In some cases, after 24 hours of the white-of egg drink before milk is resumed, it is well to wait other 24 hours and to give the white of-egg drink and a weak chicken or mutton broth turn about.
Summer Diarrhoea of Children (Cholera infantum) differs from the preceding forms of diarrhoea in that it is due to an actual form of poisoning, the poison or toxin that plays the mischief being produced by the activity of living organisms which have gained entrance to the milk.
It prevails in summer and hot weather, and is the cause of the high mortality of infants in cities and pool, overcrowded districts, where unsanitary conditions abound.
The attack is usually sudden, vomiting and purging setting in together. The vomit is at first of the partly-digested milk, and then of bile-stained mucus; the motions are at first of undigested food, but they soon become watery and very abundant, and colourless. The loss of water from the body is so great that the child soon becomes greatly exhausted, hollow eyed, pale as death, and rapidly emaciated. The temperature rises, the pulse is weak and thready ; the child is very restless, and thirsty; its breathing is hurried; and it may become convulsed or stuporous.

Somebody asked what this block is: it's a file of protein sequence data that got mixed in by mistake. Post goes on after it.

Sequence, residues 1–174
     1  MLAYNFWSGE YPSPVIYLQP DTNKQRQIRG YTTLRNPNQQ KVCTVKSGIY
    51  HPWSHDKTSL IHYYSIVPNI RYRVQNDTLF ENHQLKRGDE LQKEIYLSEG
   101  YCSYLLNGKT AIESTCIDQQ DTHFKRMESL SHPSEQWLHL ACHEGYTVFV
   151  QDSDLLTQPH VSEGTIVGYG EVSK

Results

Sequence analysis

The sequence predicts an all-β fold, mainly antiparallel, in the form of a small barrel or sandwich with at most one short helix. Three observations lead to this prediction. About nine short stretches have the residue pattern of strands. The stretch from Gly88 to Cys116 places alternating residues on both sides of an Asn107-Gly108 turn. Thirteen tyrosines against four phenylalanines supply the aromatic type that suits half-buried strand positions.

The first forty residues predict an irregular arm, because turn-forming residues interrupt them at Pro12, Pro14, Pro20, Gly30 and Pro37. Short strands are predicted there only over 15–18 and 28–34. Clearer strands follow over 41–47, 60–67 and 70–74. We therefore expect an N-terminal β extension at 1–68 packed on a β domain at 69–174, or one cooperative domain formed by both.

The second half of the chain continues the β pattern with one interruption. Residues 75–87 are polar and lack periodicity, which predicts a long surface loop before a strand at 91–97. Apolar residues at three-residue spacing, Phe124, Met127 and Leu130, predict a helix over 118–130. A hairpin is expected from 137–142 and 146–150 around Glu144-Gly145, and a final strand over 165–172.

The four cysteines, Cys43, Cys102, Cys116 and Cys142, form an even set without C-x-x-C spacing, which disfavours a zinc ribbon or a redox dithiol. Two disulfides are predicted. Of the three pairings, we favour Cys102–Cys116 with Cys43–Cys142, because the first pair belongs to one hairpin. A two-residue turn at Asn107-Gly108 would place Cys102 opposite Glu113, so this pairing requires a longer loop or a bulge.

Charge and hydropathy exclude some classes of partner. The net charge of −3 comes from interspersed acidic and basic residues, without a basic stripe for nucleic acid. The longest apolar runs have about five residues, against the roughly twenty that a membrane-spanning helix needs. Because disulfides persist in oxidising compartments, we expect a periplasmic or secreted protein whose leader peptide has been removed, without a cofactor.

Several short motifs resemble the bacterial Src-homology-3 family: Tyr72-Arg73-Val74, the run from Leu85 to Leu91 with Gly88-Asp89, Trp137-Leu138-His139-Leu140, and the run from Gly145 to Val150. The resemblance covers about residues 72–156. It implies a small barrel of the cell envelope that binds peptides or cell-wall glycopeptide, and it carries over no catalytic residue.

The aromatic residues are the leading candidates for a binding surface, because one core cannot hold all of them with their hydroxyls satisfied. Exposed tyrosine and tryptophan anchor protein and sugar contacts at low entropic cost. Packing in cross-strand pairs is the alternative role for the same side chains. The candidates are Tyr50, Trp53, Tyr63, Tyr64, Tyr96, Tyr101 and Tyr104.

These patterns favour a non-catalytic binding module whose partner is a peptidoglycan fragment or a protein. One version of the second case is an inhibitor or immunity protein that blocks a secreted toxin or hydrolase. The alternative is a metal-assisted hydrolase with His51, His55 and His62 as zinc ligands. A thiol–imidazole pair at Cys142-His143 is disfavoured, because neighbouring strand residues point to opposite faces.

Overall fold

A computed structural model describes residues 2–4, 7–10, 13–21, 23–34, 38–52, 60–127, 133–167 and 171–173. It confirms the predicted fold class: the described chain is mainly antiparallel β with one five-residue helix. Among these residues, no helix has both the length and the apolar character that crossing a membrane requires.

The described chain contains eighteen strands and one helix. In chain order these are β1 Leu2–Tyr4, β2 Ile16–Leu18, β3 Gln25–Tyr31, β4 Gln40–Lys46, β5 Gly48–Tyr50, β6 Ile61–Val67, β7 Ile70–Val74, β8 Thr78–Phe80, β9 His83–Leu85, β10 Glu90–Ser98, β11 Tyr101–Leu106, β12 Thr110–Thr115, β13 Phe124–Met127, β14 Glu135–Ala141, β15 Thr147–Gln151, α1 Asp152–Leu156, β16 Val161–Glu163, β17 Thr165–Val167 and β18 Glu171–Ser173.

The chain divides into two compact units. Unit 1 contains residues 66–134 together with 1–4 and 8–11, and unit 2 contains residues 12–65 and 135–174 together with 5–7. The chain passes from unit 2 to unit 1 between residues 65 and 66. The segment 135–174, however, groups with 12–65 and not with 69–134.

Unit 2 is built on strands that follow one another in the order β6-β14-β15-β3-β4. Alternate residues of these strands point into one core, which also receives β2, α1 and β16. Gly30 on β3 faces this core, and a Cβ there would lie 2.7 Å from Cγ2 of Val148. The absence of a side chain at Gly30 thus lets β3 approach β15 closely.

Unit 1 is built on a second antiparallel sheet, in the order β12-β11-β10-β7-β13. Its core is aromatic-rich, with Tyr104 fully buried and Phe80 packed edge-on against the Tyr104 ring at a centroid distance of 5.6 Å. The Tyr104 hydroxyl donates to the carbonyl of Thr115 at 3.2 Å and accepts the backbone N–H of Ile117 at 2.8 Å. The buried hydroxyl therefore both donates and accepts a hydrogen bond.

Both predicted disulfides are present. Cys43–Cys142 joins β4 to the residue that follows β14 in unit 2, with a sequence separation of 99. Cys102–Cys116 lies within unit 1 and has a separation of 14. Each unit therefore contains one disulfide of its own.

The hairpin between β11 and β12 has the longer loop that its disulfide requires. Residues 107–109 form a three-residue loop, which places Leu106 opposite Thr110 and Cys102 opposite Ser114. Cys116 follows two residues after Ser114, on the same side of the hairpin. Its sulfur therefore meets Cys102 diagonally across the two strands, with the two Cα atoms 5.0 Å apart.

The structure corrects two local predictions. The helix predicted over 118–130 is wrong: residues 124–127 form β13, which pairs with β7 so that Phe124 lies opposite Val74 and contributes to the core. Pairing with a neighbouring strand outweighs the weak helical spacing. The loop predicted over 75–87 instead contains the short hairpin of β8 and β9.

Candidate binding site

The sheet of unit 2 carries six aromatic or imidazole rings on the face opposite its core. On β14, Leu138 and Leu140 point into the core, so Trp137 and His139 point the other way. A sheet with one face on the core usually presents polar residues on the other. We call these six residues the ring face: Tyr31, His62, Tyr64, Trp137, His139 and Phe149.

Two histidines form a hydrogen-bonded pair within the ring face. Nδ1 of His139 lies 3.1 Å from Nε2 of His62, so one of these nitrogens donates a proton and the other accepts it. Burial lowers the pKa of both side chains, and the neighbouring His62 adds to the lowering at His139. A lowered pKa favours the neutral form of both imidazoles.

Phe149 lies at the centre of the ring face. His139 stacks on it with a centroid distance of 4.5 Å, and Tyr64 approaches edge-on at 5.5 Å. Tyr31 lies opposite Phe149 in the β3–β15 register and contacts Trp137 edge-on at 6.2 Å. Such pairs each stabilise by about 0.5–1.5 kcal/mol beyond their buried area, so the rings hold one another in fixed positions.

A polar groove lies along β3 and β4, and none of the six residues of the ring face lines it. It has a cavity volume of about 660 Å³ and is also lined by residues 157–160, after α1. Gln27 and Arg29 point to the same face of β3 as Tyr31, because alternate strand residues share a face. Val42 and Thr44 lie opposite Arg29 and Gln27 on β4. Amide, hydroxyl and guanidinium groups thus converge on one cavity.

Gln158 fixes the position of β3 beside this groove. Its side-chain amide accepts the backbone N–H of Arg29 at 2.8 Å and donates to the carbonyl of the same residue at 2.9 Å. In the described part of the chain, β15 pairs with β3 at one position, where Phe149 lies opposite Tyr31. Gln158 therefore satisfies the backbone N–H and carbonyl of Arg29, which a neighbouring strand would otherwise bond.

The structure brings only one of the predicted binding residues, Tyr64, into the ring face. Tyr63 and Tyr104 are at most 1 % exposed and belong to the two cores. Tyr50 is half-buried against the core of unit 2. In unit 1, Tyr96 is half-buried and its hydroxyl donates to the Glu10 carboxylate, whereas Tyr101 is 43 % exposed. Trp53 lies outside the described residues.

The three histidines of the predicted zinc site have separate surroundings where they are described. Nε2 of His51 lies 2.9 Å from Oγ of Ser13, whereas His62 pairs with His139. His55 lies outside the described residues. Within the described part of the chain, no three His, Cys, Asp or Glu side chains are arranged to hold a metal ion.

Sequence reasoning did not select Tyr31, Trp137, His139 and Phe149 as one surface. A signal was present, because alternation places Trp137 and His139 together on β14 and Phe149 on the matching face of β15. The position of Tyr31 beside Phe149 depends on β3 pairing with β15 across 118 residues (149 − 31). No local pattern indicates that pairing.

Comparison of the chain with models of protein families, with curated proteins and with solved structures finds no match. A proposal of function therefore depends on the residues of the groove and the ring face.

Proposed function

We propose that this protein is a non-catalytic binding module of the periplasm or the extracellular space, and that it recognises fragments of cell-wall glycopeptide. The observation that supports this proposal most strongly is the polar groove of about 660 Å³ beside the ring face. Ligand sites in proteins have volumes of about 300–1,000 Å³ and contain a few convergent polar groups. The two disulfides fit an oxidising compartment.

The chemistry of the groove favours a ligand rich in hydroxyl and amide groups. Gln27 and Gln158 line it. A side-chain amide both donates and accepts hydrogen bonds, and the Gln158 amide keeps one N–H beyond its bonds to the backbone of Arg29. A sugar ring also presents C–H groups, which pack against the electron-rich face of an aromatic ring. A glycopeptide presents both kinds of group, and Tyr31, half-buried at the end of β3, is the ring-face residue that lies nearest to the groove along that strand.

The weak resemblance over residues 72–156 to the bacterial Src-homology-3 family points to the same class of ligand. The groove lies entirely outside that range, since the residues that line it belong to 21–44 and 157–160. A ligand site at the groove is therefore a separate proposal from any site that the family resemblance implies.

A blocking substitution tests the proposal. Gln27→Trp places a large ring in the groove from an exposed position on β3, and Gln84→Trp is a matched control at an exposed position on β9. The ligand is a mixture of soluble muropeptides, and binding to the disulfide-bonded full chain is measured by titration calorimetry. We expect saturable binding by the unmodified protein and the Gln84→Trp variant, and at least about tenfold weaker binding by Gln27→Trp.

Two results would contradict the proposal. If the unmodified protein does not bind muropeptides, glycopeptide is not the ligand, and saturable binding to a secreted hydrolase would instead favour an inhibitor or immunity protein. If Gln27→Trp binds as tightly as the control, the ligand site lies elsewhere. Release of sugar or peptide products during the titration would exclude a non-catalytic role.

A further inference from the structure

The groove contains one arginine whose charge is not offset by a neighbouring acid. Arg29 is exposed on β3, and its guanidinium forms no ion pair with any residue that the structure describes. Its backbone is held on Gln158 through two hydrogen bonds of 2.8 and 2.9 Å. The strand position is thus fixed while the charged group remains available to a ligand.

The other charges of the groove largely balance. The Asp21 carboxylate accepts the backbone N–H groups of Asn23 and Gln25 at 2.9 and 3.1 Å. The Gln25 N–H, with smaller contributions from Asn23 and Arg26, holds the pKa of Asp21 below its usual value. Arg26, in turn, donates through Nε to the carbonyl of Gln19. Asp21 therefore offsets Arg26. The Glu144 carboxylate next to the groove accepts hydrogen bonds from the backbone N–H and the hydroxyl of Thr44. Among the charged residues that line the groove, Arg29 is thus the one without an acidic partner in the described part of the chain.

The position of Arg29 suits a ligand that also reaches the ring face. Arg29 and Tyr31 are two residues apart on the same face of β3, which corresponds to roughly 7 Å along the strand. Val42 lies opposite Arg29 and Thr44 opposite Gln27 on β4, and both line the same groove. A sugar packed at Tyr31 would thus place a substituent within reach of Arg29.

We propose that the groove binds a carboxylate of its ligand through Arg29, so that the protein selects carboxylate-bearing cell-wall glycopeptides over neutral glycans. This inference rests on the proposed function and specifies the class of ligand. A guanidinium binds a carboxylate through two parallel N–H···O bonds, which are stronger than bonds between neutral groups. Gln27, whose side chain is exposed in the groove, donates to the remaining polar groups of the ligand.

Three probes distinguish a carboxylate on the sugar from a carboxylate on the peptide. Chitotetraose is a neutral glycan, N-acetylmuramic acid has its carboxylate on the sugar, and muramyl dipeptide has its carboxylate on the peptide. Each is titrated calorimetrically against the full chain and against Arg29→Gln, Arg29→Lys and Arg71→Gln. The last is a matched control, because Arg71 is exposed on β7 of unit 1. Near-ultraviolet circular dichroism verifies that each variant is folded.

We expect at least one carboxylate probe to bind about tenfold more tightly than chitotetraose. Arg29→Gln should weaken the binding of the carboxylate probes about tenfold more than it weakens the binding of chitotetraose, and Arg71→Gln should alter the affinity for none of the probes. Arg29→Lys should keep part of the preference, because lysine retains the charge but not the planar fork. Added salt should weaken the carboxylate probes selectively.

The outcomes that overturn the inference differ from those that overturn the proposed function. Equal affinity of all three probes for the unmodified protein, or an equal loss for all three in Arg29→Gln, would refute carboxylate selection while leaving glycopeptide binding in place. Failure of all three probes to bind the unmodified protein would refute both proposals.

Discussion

Treatment, to have the least chance of suc cess, must be rapid and energetic. The child is suffering from the effects of a poison intro duced in milk, and irritating both stomach and bowels. Therefore to give no more of the material that may contain the poison, and to wash out, so far as possible, what has been already given, are the obvious things to try to do.
Feeding with milk must therefore be com pletely stopped. The bowels must be washed out with water, as directed on p. 603.
If the stomach could also be washed out with the saline water, it ought to be done; but in the absence of a qualified person this could not be done.
If the stomach cannot be washed out, small doses of calomel (k grain) should be given and repeated every 4 hours for 24 hours. If castor-oil could be retained, it would be good to begin with one` or two tea-spoonfuls, and thereafter to give the first of the repeated doses of calomel. Ice - cold boiled water, with the slight addition of salt (see p. 602), and with the addition of whisky or brandy if necessary, should be the only thing given by the mouth for the first 24 hours. The white-of-egg water, made with boiled water which has been cooled, should follow, the saline water being continued, with stimulant if necessary. After other 24 hours, warm, weak meat or chicken broth may be tried.
Artificial foods and meat extracts must not be used.
Finally a cautious return to milk food, as directed on p. 603, is made, the utmost care being exercised in the preparation of " the milk mixture" and its preservation from contami nation. If, at the outset, the temperature runs high, an ice-cap to the head may be advisable, and cold sponging, with friction to the limbs. On the other hand, when a pinched and livid skin suggest collapse of the child, a warm bath to restore the circulation may be the beat remedy—a bath of a temperature of 100°.